We define threat as a combination of intent and capability. An entity with the desire to harm Canada but no capability to do so does not in our view represent a threat. Having discerned a foreign actor's intent to harm Canada, the intelligence apparatus must track any advancement in its capabilities in order to determine if that entity presents a threat. Tracking or predicting changes in capability is sometimes challenging, but is usually possible within a reasonable margin of error. Gauging current and evolving intent is more complicated but still possible. However, predicting future intent is highly risky. Where a state may not exhibit hostility while it is developing a capability, once acquired, that capability remains in its arsenal whatever changes happen in its political calculus and intent.
With that definition in mind, I can say that at this time we do not see a state actor that has both the capability and the intent to harm Canada militarily. Nevertheless, we view the proliferation and potential use of weapons of mass destruction, or WMD, including chemical, biological, radiological, and nuclear, as well as the development of ballistic missiles capable of reaching North America, as worrisome. States of concern, such as Iran and North Korea, will likely continue in their attempts to acquire, develop, and improve weapons of mass destruction, along with the ballistic missile capabilities to deliver them.
The dual-use nature of most biological and many chemical-related technologies makes monitoring weapons programs and procurement involving these materials difficult. Furthermore, the ostensible civilian application of nuclear technology and the use of space launch vehicles can mask military intentions. It is important to note, however, that we assess that only states can master the complexities of ballistic missile delivery systems.
In the case of Iran, its current missile arsenal lacks the range to strike targets within North America. With the current P5+1 joint action plan, we assess that the potential for Iranian covert nuclear weapons development has been substantially set back, and is more likely to be detected should it occur.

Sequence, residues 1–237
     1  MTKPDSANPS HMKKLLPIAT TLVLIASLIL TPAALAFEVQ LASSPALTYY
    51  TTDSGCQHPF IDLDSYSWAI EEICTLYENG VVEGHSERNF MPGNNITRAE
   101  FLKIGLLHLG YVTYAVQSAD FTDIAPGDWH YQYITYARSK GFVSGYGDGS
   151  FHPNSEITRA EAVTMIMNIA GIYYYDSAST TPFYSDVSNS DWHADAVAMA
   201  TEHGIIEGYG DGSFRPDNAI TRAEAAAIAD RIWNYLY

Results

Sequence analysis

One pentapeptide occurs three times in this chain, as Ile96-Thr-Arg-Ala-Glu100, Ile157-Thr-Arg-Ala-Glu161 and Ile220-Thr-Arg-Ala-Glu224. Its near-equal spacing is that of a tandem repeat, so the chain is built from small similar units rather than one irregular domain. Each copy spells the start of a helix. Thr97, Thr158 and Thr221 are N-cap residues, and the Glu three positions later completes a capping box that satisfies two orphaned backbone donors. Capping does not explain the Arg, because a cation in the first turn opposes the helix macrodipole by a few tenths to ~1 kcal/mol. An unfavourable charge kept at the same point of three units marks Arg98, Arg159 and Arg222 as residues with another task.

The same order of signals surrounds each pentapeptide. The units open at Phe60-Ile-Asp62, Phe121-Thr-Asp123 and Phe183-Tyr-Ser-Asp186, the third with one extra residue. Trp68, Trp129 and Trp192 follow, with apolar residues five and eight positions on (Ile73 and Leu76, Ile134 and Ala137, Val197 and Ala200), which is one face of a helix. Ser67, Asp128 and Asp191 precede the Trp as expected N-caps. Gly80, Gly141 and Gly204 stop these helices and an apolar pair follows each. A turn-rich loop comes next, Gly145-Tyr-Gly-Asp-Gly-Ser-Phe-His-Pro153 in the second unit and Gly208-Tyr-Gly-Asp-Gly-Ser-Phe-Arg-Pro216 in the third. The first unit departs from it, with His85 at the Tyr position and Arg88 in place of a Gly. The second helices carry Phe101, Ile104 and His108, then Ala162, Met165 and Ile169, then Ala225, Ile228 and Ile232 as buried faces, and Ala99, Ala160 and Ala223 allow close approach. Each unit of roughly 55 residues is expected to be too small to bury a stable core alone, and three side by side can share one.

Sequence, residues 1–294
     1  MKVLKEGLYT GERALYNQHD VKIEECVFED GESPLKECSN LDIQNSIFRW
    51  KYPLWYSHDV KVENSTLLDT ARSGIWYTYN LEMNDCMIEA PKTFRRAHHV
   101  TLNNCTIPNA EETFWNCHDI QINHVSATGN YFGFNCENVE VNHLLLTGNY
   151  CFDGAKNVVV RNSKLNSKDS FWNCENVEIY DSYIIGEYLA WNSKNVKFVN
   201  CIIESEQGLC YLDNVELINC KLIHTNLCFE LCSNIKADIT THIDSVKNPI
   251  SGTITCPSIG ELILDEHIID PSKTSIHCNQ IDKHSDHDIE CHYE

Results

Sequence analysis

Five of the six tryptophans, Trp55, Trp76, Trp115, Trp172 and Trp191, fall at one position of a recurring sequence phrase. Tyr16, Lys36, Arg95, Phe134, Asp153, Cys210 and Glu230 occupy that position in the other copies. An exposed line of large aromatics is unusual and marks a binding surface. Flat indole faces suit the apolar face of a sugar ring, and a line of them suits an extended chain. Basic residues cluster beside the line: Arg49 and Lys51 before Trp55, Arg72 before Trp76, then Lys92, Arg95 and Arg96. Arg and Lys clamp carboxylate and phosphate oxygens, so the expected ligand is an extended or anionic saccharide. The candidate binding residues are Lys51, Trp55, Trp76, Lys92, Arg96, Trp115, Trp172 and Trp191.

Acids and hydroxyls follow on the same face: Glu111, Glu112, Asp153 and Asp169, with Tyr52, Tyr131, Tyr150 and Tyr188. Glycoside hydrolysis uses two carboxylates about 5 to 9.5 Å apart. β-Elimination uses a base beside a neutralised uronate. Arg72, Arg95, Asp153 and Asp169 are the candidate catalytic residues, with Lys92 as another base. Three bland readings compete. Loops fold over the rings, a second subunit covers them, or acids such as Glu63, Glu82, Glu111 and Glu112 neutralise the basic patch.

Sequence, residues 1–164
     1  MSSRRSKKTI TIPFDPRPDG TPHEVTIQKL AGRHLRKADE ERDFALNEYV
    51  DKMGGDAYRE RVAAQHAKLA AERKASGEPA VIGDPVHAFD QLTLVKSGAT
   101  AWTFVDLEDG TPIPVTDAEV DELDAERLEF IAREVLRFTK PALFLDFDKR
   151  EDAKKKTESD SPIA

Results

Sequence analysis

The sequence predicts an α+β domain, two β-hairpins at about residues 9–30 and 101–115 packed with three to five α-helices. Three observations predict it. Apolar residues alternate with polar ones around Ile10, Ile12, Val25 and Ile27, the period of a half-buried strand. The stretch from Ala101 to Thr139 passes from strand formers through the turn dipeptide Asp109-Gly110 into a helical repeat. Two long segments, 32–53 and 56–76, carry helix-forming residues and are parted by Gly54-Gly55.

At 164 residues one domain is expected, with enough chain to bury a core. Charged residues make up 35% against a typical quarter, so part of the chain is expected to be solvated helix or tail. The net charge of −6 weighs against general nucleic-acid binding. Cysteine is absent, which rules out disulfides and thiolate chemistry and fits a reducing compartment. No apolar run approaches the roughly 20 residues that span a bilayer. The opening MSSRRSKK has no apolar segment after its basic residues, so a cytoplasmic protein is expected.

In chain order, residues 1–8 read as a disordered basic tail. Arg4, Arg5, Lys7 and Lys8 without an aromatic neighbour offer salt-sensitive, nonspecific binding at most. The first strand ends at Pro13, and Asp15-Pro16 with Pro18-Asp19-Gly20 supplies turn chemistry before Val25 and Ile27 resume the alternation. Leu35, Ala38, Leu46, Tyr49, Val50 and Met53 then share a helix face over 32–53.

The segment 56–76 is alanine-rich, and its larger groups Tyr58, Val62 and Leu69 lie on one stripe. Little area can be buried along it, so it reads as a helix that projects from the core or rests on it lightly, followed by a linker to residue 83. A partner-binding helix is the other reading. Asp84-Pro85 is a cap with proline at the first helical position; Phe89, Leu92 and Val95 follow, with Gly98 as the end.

North Korea, on the other hand, has expressly indicated that it wants to be able to target North America with nuclear armed missiles. While it is actively developing ballistic missiles that could potentially reach North America, whether North Korea has developed a practical weapon is unclear. North Korea's recent claim of successfully testing a thermonuclear weapon or H-bomb is unsubstantiated. Nevertheless, that country's history demonstrates continuing efforts to develop a viable nuclear weapon capability, which we will continue to watch closely.
Terrorism is obviously at the forefront of our minds as a challenge to the security of North America. While the primary Government of Canada agencies responsible for countering terrorism domestically are the RCMP and CSIS, the Canadian armed forces are ready to play a role in supporting their emergency management partners across Canada. We also work closely with these and other partners to ensure the safety of our CAF personnel and infrastructure.
Finally, with regard to cyber, there are two specific areas of interest for the Canadian Forces Intelligence Command: threats that affect the ability of the armed forces to operate, and the cyber-capabilities of foreign actors. The bigger picture of cyber-threats, that is, threats to Canada in general, and threats emanating from non-military cyber-actors are the purview of the Department of Public Safety.